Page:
Alyssa Brooke Levine is your typical 14-year-old teenage girl, yet with a quiet, unassuming nature to her.
However, come this April 5, this quiet, unassuming young Montrealer will be terrorizing moviegoers as Zelda in the film adaptation of Stephen Kingâ€™s 1983 bestseller Pet Sematary.
This is the second film version of Kingâ€™s horror novel (the original version was released in 1989 and starred the late Fred Gwynne, who was best known for his role of Herman Munster in the 1960s CBS sitcom The Munsters). Starring John Lithgow, Jason Clarke and Amy Seimetz â€“ and directed by the team of Kevin Kolsch and Dennis Widmyer â€“ Pet Sematary takes place in a small town in Maine, where Louis Creed, his wife and their two children move into a home in a rural part of the state, where a nearby eerie pet cemetery holds their fascination. But when their pet cat is tragically killed, Creed decides to have it buried in the mysterious pet cemetery, where thanks to a number of frightening circumstances, finds out that dead is better.
This is not the first time that Alyssa has had some acting experience in front of the camera. Since the age of four months, she and her identical twin sister Amber have appeared in a number of TV commercials and TV series, including the French language soap opera Un monde a part and as the twin sisters from The Shining on the French Canadian series Mes Petits Malheurs.
The story of how Alyssa landed the role of Zelda in Pet Sematary began last April, when she was in an orthodontistâ€™s office waiting for Amber to get fitted for braces. She was getting a bit bored, so I snapped a picture of Alyssa goofing around in the dentist chair, with her legs behind her head because she is very flexible and can twist herself into a pretzel, said her mother Cheryl Levine. A month later, I saw a notice online that a young female acrobat/contortionist was being sought for a speaking role in a feature film that was going to be shooting in Montreal that summer. So I sent in the picture that I took of Alyssa in the dentist chair with the caption â€˜Is this what youâ€™re looking for?â€™
As a result, Alyssa was called by the casting agency to audition for the part of Zelda with 50 other girls. From there, she got two other call backs, this time auditioning with 10 other aspiring Zeldas and then four other actresses who competed for the part.
I got a final callback, but we arrived an hour late because my mom mistakenly wrote down the wrong time for the final callback, said Alyssa. But the casting people patiently waited for us because they wanted me to do the audition first. Later that same day, they called me back and offered me the role of Zelda in Pet Sematary.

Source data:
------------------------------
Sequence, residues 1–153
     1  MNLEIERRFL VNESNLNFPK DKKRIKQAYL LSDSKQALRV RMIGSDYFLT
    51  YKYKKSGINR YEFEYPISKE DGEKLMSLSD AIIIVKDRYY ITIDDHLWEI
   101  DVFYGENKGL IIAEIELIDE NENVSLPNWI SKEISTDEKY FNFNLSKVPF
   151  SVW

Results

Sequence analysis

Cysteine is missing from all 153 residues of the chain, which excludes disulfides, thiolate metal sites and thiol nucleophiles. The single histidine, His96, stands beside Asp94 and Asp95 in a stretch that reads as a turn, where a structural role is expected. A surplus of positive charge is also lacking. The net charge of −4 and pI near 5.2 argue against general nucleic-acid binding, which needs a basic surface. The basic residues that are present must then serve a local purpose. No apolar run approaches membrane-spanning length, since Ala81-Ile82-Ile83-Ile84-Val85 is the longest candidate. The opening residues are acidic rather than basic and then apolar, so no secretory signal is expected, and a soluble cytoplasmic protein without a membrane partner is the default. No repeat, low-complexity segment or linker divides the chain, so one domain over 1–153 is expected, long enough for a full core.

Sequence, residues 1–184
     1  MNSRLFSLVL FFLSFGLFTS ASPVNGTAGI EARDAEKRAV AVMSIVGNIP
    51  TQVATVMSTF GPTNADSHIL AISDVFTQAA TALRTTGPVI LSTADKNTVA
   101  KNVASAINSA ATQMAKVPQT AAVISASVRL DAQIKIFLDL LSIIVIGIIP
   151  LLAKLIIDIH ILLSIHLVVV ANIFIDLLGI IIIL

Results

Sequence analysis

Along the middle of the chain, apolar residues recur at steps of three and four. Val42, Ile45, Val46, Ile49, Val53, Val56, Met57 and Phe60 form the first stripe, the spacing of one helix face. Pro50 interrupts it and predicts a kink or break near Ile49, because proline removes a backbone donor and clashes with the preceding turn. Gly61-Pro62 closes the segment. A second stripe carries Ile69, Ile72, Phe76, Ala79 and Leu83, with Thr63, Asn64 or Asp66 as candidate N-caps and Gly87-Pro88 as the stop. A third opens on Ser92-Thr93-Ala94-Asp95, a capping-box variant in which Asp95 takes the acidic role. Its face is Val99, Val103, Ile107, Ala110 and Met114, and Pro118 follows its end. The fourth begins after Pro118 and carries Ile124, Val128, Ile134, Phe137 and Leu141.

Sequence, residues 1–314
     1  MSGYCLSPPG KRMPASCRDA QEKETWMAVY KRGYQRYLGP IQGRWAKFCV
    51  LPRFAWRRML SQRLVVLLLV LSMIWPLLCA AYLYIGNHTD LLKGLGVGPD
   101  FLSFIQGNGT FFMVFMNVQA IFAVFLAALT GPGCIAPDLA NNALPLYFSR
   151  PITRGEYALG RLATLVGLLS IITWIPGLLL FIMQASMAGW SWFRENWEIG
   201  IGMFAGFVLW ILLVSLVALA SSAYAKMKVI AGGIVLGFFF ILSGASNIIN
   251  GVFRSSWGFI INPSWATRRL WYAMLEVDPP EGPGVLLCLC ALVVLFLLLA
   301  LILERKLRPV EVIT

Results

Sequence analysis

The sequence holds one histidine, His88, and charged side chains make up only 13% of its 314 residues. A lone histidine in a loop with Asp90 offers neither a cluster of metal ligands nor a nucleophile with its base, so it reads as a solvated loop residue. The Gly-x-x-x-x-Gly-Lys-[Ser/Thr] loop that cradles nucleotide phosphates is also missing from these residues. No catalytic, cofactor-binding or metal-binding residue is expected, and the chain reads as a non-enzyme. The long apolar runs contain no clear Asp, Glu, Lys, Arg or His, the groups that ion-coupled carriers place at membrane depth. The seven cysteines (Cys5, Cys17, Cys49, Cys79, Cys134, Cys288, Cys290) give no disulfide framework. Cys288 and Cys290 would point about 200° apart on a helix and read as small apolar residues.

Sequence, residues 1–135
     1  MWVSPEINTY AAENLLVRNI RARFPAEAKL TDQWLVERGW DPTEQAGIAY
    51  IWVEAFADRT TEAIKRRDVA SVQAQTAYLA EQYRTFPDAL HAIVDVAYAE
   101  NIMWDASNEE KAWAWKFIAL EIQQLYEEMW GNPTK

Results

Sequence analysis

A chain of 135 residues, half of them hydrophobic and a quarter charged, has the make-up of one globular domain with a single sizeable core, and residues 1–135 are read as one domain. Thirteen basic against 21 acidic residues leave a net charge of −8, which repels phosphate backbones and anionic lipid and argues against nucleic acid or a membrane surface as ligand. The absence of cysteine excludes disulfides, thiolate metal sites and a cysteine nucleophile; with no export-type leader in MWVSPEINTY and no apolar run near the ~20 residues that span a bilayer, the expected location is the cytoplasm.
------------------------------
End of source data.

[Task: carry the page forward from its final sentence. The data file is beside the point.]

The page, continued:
To prepare for the role of Zelda, Alyssa watched clips from the 1989 movie version of Pet Sematary that featured Zelda, and had her father Warren tell her how the story was told in Stephen Kingâ€™s book (which she got the entire cast and crew to autograph a copy of a recent paperback edition of the novel that she brought with her to the set). I have to admit I am a little bit scared of horror movies, and they sometimes give me nightmares, she said.
As well, Alyssa had to endure the long, grueling process of movie makeup effects so that she can perform the role of Zelda. First, she went through the 45-minute process of having a cast made of herself in the East End studios of Oscar-nominated makeup effects artist Adrien Morot (who did the makeup for the X-Men and Night at the Museum movies); and when shooting took place, Alyssa spent up to six hours in the makeup chair each day having the head-to-toe prosthetics put on her throughout the five days she spent on the set of Pet Sematary last summer, both in Melâ€™s Cite du Cinema and on location in Hudson/St. Lazare.
When I had the prosthetics on for the first time, I saw myself in the mirror and I was shocked, because I looked so creepy, she said. And the unrecognizable, nightmarish look of Alyssa as Zelda appears (but rather mysteriously) in the filmâ€™s main theatrical poster and advertising.
And even her sister Amber got involved in the production of Pet Sematary; first as one of the masked children who regularly brings the bodies of dead pets to the cemetery, and also as Alyssaâ€™s stand-in.
As well, Alyssa admits that her experience shooting Pet Sematary has changed her perception of horror movies in general. Ever since then, I have become less scared about watching horror movies because now I know how they are made behind the scenes, she said. I donâ€™t get that many nightmares anymore because now I am going to be in everyoneâ€™s nightmares!
Pet Sematary opens in theatres everywhere on April 5, with the world premiere on March 14 at the prestigious SXSW Festival in Austin, Texas (where Alyssa will be in attendance with the rest of the movieâ€™s cast).